The entertainment and advertising industries are both populated with many kinds of people possessing different skill sets, specialties and methodologies, and all of whom wear the title PRODUCER. Depending on their career development, most have learned some degree of project management skills. It would be difficult, I imagine, to actually begin producing a project without knowing how to manage time, budget, resources and personnel. But at the one end of the spectrum we have producers whose skill set parallels ACCOUNT or BUSINESS MANAGEMENT; and on the other end we have ARTISTS whose skill set is limited to the creative process.
The former excel at managing clients and sometimes process, but do not necessarily influence the client’s opinion or the compositional outcome. The latter are adept at conception and creative development, but may not fully grasp how to integrate a marketing initiative into the work, much less a brand mandate.
In my own development I sought to straddle the fence: I wanted to be more than an Account Executive or a Project Manager. The earliest and nearest role models available to me were Advertising Agency Producers. Most were a cross between a road manager and a business manager, but the ones I most admired were also the de facto Creative Directors for the projects they managed. They may not have defined either the brand message or initiated any specific commercial storyline, but they were masters at maximizing both marketing and entertainment value from any given project, and once focusing a creative strategy, assumed an executive leadership role in the subsequent production.
How was I going achieve that measure of influence for myself?
Well, as music producer, I was often the first contact from the agency for a commission. And as it happened, whenever an agency rep called, they often wanted to know my initial gut instinct regarding what kind musical score the ad deserved, if only to understand how I was going to develop an estimate. I immediately understood if I could define the creative direction at this stage, I would be in front of the project from conception to final delivery.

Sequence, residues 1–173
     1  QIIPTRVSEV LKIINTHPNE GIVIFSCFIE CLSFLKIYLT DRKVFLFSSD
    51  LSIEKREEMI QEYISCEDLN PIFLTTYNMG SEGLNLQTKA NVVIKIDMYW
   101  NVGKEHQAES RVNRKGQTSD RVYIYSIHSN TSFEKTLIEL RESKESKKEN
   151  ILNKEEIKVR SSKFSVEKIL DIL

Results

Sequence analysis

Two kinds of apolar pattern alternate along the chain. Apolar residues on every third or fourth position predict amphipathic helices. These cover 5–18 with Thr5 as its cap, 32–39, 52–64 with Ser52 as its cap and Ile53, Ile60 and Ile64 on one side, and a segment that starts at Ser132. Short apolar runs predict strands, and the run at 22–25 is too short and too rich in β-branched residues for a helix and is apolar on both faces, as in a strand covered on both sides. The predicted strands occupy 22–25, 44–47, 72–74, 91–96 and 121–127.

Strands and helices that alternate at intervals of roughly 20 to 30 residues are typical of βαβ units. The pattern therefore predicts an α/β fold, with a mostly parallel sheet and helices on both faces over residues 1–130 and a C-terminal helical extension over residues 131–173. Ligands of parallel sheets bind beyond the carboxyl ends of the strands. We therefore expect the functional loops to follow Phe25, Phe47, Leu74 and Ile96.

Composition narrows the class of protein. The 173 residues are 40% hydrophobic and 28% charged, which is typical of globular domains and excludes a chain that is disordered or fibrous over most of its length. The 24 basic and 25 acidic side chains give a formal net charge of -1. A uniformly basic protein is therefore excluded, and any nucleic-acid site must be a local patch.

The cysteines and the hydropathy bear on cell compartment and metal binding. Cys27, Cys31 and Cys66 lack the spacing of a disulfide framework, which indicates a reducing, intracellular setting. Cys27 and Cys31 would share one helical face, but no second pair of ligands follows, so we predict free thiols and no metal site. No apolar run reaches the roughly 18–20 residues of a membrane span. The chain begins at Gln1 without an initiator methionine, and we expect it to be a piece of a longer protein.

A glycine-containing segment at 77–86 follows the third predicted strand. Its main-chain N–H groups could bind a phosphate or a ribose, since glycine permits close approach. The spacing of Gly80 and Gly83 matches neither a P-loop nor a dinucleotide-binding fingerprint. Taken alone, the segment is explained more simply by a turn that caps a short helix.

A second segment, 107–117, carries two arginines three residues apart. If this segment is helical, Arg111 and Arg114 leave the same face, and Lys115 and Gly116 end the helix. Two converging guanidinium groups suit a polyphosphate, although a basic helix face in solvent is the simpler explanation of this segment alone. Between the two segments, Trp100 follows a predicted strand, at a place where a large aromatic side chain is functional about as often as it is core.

In the early days I took these calls with our superb Creative Director, Alexander Lasarenko, and at the time I always deferred to his expertise. But on the occasions when he wasn’t available, or perhaps when he was testing me, I would find myself alone on the call with the client and the direction was left to my sole discretion. In the beginning I winged it, and to be honest, half the time I was frightened. And as you can imagine I didn’t always bat a hundred.
However, eventually my ear and eyes connected and I became an expert at concepting interesting creative directions –based on initial preproduction storyboard review– that both enhanced the story, and/or fulfilled the marketing solutions required by the project at hand (Later I would also develop an understanding of how to incorporate brand message into the work).
Many times a producer, composer or sound designer's first exposure to a project is when it actually arrives as rough video. On some occasions, however, the client will present you with storyboards, a graphic mock up of how the commercial will be shot. Choosing a direction for scoring is actually easier with a rough cut than with no cut, but I actually developed a preference for developing direction before any film or video was shot.
I realized that if I really wanted to get in front of the ball, I needed to define direction, and if I had the resources, deliver a temp track or synth sketches at the storyboard stage. Because by doing so I discovered I could influence not just the sound direction, but how the final commercial was going to be shot to some degree, and certainly how it was edited.